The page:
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  • CyberpowerPC SYBER Gaming Windows Console Review
  • CyberpowerPC SYBER Gaming Windows Console Review


    System Layout and Features

    The Vapor gaming consoles are available in three different configurations.  The A configuration in this review features a white chassis that can sit flat or on end depending on where you plan to use the machine.  While the chassis is physically the same across the various Vapor configurations the color can change between white and black based on the internals or customer demand.

    Across the top of the console you will find a large vent next to an embossed version of the SYBER logo.  The logo is also shown on the front of the case next to three USB ports. 

    The Vapor A comes with a variety of connectivity options.  In terms of network you have two choices WiFi over 802.11ac or Gigabit LAN using the onboard network port.  Keep in mind that there are also two graphics cards in this system.  The first is part of the motherboard using the AMD APU while the other connects to the discrete R9 270.  Of course the second (on the right) is preferable for the best gaming performance.

    Onboard audio is rather disappointing on this motherboard assuming you use the analog plugs.  For those interfacing a Home Theater system the audio over HDMI should be rather good with a few more available channels and digital decoding.

    One of the biggest problems surrounding users who want a computer in the living room is controlling the computer.  SYBER Gaming has included this mini keyboard and Logitech F710 Gamepad to reinforce the gaming nature of their console.  The keyboard is too small for any real gaming but works well to input text and control things while on the Windows Desktop.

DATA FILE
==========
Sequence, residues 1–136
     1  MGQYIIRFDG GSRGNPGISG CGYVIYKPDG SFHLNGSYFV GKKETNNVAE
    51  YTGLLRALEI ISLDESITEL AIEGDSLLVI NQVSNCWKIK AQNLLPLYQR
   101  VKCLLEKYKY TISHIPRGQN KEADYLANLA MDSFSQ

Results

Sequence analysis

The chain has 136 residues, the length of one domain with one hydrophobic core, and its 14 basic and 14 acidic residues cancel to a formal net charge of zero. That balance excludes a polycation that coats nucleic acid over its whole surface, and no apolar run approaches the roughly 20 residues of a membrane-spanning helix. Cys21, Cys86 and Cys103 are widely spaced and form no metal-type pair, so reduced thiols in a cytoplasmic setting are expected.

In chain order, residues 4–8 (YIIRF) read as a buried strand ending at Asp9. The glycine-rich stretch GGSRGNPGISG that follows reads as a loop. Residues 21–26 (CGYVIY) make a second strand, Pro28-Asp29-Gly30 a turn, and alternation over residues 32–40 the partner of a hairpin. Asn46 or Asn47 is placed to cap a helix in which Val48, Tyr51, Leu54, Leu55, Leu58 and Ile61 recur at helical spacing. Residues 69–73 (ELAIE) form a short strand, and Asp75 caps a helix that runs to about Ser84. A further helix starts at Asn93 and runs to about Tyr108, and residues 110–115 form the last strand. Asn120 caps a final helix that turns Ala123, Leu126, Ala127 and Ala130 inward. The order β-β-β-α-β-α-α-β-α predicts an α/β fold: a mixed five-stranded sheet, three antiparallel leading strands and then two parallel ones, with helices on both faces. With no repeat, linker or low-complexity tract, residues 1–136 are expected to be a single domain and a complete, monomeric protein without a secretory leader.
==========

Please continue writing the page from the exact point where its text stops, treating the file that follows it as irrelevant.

The Logitech F710 gamepad worked great though did suffer from range issues if you connect the dongle to the rear of the machine.

    Vapor Internals

    One of the biggest problems associated with building a SFF system is getting everything to fit and still allowing adequate airflow.   The Vapor gaming systems use a system layout similar to the Zeus Mini where half of the case is dedicated to graphics while the other holds the motherboard and power.  However unlike the Zeus Mini there are very few exhaust fans, like maybe one, and its small, and part of the PSU.

    Removing the top of the case exposes the basic system layout.  At the back is the Mini ITX motherboard next to the small SFX power supply.  The entire side opposite of the motherboard is dedicated to the graphics card and storage.  In our review system we have a 500GB hard drive sitting on top of a R9 270.  Contrast that with the Xtreme version where you might have a GTX 980 and 1TB drive in the same location.

    Most gaming consoles are designed to be quiet and have carefully engineered cooling systems that strike a balance between noise and cooling performance.  In our testing we found the Vapor A to be quite noisy under normal operation and downright obnoxious under load.  This is due in part to the lack of adequate cooling and the OEM fans spinning up to compensate.  We talked to CyberpowerPC about this and they are working on adding a 120mm fan to help keep the internal temperature under control.